I go back to the rooming house I’m living in. I shower, shave and comb my hair.  Then I go find my last set of good clothes - gray flannels, dress shirt, blazer, tie.  I put them all on, and I head back down to the bank.

Unlike a lot of people who are poor, I haven’t always been poor.  I went to one of the most elite private schools in Canada (ranked second at the time, after Upper Canada College).

I wait in line, and irony of ironies, I get the same teller.

She cashes the check.

Yeah…

But I don’t say anything, because I know she could capriciously change her mind.  I just walk out.

A couple years later, during the same extended period of poverty, I get to the point where I can’t even pretend to be middle or upper class.  And on occasion I get rousted because, while I’m clean, I look pasty, my clothes are threadbare and my glasses are literally taped up.  One time a security guard throws me off the property of a hotel I went into to use a pay phone.  In another case, I get tossed off the University of Ottawa campus: I’m beyond the point where I can fake being a student, even though I’m the right age, and was one just a few years before.

In the last ten years, since I ascended back into the middle class, I’ve never had any such situation come up.

Odd that.

The worst thing about being poor is the way you are treated.  There is no rule more iron, in my experience, that the less you get paid, for example, the worse you will be treated at work.  Clerks in stores treat you worse.  Government bureaucrats can often barely conceal their contempt.  And so on.

The upside, I suppose, is that people show you who they are.  The rare person who treats you exactly the same as they do everyone else is revealed as the shining gem they are.  In particular the friends who stick by you even when you’re down and out show themselves to be real friends, as opposed to those who follow the rule given in so many self-help books to cut off less successful friends, and thus reveal their complete moral bankruptcy to the world.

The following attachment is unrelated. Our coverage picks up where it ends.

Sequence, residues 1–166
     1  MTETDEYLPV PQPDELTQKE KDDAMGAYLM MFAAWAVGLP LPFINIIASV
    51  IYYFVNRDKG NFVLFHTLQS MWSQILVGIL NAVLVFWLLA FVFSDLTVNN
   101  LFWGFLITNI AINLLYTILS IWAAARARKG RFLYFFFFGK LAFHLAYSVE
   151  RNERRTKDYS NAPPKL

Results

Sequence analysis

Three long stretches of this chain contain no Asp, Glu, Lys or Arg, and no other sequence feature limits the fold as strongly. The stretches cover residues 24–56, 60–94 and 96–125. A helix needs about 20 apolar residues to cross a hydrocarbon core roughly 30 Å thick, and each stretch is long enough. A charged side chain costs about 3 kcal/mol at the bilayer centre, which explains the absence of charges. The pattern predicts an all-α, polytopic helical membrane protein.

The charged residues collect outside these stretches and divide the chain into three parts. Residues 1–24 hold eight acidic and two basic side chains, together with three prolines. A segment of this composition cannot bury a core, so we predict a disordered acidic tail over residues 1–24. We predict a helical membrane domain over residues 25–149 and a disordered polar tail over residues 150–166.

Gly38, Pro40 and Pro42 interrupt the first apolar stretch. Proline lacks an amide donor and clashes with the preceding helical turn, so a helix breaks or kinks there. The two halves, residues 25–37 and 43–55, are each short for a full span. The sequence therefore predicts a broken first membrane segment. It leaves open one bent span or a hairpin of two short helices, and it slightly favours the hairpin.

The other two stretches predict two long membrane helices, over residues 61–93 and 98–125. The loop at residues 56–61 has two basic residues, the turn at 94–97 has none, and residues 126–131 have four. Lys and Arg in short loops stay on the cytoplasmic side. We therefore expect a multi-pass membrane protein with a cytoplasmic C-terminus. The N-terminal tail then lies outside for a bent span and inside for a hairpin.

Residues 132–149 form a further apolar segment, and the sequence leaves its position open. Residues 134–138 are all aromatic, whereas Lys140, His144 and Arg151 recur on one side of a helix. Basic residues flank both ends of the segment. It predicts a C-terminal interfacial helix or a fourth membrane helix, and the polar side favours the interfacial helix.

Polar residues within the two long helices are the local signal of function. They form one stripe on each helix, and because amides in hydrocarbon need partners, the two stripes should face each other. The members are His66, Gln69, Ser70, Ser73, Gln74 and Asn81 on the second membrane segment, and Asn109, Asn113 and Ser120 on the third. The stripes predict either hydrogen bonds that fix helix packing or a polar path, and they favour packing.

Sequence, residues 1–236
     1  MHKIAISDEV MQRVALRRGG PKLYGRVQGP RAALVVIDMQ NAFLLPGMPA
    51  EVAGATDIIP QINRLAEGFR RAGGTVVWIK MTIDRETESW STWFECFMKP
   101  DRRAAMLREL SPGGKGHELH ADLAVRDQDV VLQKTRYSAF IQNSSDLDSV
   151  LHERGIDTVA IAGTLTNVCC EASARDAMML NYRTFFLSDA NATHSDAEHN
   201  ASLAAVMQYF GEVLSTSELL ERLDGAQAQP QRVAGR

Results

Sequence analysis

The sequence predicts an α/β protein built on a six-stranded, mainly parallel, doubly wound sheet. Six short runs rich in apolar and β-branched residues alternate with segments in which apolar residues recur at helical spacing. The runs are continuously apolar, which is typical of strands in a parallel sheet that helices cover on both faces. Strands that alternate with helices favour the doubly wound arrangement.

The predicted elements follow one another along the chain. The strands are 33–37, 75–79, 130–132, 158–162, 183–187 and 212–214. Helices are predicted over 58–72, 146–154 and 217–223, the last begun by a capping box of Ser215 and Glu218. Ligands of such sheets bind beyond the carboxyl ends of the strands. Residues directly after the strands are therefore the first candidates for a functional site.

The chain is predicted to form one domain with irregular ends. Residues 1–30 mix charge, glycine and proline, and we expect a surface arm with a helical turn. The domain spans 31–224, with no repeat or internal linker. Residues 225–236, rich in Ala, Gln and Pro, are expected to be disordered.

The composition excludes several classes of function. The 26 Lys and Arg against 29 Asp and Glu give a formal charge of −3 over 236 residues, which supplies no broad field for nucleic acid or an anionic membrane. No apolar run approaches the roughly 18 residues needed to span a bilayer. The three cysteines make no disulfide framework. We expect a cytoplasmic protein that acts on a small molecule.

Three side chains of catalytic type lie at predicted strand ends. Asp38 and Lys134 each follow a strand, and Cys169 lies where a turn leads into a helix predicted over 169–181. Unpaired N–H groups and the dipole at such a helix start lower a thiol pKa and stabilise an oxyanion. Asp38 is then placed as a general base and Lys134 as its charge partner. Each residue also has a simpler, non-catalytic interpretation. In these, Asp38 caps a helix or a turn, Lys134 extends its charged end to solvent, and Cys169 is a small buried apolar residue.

You learn who you can actually trust, who actually cares about you, and who is actually a decent human being who doesn’t enjoy being able to kick down on someone they figure can’t kick back.

It changes how you see people.  Oddly, before I was poor I thought practically everyone was scum (I was a cynical teenager).  Being poor convinced me that there were some truly good people in the world–people who would help you, be kind to you, or just treat you respectfully, even when there was nothing in it for them.

In ugliness and deprivation, beauty and kindness are much much more obvious.  All the more so, because so few meet this test and pass.

Tags:

Category: Conventional Economics | Economics | Employment | Guaranteed Wage | Morals | Politics | Recession

Mar 13 2009

Dead Banks Walking

Kal @ 20:31

Once again I turn to the straight talking folks at The Institutional Risk Analyst, Stress Test Zombies: Not Too Big Too Fail? Tough Tootsies Little Banks!

Apparently, banks that fail the Supervisory Capital Assessment Program stress test will not be broken up as required by law, but instead given more capital at taxpayer expense.

...

If you include the subsidy required for the GSEs and AIG, the US Treasury could face a collective funding requirement of $4 trillion through the cycle. Do Ben Bernanke and Tim Geithner really believe that they can sell such a program to the Congress? To put it in perspective, the $250 billion in the Obama Budget for additional TARP funds will not quite cover Citigroup (NYSE:C).

...

The way you end the need for public subsidy is by resolving these firms via a restructuring and forcing the bond and equity holders of the bank's public parent company to absorb the cost of marking assets to market. If we establish a hard rule regarding solvency and break up rather than recapitalize zombie firms, then we have started to apply a real solution.

...

Fact is, the Sell Side dealers have leveraged the real economy via OTC derivatives to such a degree that bailing out toxic waste sites like AIG, several large Euroland banks and the world of structured finance could cost trillions of dollars. That is the true cost of the crisis. The only issue is whether we recognize it directly, via a public resolution, or hide the costs via public subsidies and future inflation.

Tags:

Category: Accounting | Conventional Economics | Economics | Politics